New Game Collection Comes to the Cofrin Library

By Iris Shipley, Grace Prust, Rianna Jones & Ashley Harrison


Many students are not aware of all the kinds of resources that they have access to through the Cofrin Library at the University of Wisconsin – Green Bay.

The library is not just a space to study and read; it can also be a space to have fun with friends! Recently, the library acquired a collection of board games, role-playing games and books, video games, and dice. The collection was inspired by assistant professors at UW-Green Bay.

According to Cofrin Library circulation manager Erica Grunseth, several instructors in the Humanities program use games in the classroom and were open to partnering with the library for support. Assistant Professor Kris Purzycki donated a large section of the games available, and the library purchased the other items.

The game collection is new for the Cofrin Library, but libraries that loan items other than books are nothing new. This concept is called the “Library of Things (LOT).” Items that are loaned out can range from children’s toys to kitchen supplies to tools. The Cofrin Library has previous LOT collections. Kindles, iPads, laptops, and cameras were all available for students to check out years ago.

A graphic showcasing how different libraries across the United States have unique collections in their libraries. Illustration by Brian Mead from American Libraries Magazine

Library director Paula Ganyard is able to give insight into what the collection will bring to students. “The benefit to having a Library of Things is simple: it provides access.” Providing access is about more than just having the games available. Paula goes on to explain that board games and role-play games can be expensive hobbies. Games cost money, and college students are known for having limited funds. These costs can add up quickly if students want to have all the options. According to, games also take up storage space, and that’s a limited resource for students living on campus. The library has the space and resources available to provide this kind of access to students.

The new game collection at the library offers a wide array of games. Ranging from classic board and card games to role-playing games, such as Dungeons and Dragons, and dice sets. There is also a Nintendo Switch and a few select games as well that can be checked out. Erica says that all of “the board games, dice, and role-play games can be checked out for a week.” However, there are restrictions and limitations on how many dice sets can be checked out with each role-playing game.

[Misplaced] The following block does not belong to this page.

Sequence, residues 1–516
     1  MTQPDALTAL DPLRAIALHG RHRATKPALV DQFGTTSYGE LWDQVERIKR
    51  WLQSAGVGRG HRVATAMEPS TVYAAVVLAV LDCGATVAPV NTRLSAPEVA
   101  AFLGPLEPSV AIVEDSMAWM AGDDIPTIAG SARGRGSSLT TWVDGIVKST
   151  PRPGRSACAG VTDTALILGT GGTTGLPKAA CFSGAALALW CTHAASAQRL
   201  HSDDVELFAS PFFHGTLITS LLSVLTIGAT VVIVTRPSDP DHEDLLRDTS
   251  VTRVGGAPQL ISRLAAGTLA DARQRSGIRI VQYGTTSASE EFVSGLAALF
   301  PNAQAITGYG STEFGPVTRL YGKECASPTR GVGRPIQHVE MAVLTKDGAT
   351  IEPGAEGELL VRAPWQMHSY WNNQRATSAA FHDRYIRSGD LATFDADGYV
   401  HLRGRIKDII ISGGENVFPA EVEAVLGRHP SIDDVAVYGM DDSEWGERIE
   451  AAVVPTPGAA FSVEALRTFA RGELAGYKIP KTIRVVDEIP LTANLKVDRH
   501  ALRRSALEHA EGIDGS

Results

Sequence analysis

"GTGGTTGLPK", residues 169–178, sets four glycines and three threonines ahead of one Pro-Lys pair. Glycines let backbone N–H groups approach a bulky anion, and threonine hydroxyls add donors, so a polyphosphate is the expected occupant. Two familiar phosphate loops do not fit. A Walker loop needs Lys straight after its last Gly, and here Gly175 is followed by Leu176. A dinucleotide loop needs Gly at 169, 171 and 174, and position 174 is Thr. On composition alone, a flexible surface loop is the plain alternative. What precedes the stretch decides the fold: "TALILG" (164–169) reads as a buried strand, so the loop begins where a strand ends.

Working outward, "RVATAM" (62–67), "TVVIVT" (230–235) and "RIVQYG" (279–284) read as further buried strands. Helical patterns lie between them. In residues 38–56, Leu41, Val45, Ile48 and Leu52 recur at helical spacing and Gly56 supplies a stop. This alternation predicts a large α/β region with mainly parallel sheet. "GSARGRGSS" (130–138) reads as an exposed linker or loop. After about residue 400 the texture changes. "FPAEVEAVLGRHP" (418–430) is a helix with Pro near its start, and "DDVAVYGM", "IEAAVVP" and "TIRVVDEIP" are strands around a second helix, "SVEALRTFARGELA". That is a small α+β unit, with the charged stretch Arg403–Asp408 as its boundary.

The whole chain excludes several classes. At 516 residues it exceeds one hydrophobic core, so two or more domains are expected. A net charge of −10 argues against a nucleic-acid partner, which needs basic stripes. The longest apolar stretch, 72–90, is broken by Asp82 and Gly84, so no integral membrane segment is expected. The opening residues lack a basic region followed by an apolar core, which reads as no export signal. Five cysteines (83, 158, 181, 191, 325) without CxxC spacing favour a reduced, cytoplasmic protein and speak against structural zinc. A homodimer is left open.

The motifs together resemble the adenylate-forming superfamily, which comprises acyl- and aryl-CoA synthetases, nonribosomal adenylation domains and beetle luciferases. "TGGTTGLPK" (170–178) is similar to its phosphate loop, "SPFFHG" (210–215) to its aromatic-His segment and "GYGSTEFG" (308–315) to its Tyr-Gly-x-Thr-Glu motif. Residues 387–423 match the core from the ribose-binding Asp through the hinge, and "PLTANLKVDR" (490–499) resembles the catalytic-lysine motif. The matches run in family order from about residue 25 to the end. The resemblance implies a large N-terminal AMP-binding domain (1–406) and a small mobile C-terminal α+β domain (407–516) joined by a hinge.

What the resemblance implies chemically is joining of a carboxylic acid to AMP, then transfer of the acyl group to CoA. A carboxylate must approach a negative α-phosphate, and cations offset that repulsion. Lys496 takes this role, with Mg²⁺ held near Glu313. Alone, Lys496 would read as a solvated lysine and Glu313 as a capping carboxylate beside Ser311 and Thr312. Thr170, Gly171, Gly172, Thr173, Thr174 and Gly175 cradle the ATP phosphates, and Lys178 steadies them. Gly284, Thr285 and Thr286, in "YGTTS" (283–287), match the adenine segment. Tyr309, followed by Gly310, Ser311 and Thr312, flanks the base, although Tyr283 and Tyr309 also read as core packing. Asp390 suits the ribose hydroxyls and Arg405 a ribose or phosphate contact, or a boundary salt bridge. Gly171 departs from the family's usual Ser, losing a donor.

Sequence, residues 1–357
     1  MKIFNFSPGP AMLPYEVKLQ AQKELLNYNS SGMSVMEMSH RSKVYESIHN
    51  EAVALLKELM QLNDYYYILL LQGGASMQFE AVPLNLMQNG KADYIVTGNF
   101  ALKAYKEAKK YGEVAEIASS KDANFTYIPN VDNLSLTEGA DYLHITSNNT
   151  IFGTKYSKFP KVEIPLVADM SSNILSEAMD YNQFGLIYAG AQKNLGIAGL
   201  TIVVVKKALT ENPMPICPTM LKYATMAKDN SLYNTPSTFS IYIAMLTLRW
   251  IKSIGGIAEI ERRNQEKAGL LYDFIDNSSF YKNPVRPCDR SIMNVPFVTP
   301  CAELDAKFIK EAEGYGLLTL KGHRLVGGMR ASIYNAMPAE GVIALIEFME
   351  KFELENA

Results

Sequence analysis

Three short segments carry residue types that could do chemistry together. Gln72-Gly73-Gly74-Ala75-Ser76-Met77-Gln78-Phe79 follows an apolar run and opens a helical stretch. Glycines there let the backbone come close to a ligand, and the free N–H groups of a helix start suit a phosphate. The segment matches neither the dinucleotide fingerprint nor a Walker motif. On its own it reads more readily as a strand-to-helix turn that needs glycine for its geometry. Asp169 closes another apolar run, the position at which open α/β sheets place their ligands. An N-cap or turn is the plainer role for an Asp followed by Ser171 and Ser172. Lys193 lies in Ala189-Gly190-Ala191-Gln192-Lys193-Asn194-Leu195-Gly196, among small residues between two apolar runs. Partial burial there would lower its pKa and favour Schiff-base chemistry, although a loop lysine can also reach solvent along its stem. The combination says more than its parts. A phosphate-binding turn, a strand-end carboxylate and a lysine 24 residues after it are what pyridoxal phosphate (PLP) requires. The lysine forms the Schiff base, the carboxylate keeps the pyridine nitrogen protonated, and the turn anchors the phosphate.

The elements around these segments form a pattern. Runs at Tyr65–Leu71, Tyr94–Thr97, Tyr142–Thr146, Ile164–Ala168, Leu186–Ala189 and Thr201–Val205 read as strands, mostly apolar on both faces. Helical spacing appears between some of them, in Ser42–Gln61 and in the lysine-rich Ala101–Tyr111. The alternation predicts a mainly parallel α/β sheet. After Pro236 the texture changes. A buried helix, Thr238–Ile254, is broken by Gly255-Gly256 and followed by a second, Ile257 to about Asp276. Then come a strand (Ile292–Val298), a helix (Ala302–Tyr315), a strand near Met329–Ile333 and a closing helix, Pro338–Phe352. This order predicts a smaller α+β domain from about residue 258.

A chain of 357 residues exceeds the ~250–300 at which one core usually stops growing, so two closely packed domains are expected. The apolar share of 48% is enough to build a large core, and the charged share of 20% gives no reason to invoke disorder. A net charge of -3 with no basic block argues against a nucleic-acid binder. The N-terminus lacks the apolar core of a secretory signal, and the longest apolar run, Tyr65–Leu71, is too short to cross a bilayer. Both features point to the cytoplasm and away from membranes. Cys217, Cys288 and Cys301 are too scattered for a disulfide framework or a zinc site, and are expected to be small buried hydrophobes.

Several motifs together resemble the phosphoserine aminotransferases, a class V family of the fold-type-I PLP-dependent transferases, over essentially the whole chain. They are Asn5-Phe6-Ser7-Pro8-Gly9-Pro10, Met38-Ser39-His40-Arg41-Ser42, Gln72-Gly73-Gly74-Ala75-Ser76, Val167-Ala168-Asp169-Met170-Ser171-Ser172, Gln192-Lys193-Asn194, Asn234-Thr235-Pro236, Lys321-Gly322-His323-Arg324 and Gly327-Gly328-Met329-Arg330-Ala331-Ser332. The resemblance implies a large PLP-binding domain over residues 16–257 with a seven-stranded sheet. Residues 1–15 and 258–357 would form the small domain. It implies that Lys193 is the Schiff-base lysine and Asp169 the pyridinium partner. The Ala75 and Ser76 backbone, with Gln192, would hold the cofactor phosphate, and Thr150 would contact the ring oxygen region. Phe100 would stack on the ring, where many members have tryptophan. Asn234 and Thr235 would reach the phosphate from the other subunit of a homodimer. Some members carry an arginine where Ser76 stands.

The Nintendo Switch can be checked out by both students and faculty. Students can check the Nintendo Switch out for three hours, and faculty can check it out for three days. The reason for a longer check-out period for faculty, according to Erica, is that faculty may need the console during the classes the faculty member teaches. They also say that games cannot be downloaded to the Nintendo Switch because it cannot connect to the campus Wi-Fi.

Any of the required dice for the games and video game console can be asked for and checked out at the circulation desk on the third floor of the library.

The new collection is located on the third floor of the Cofrin Library. The games can be checked out and taken home, or they can be played on the third floor. Photo: Iris Shipley

The Cofrin Library hosts the Center of Games and Interactive Media game night every first and third Tuesday of the month starting at 5:30 PM. Erica Grunseth says all students, faculty, and staff are welcome to enjoy the games and play with anyone else who shows up. She says this game night will be a great way to bring students to the library to enjoy the collection.

Paula Ganyard also expressed excitement about the possibility of most students enjoying the library but is more excited about helping students access games. “It would be awesome if thousands of students would use this new collection, but if only a hundred students do, then we have still done our job by providing those students with access.”


Burkhardt, Andy. “Taking Games in Libraries Seriously.” Academic Commons, Archive of the Academic Concerns, Sept. 2013,

“Library of Things – American Libraries Magazine.” American Libraries Magazine , 2016,

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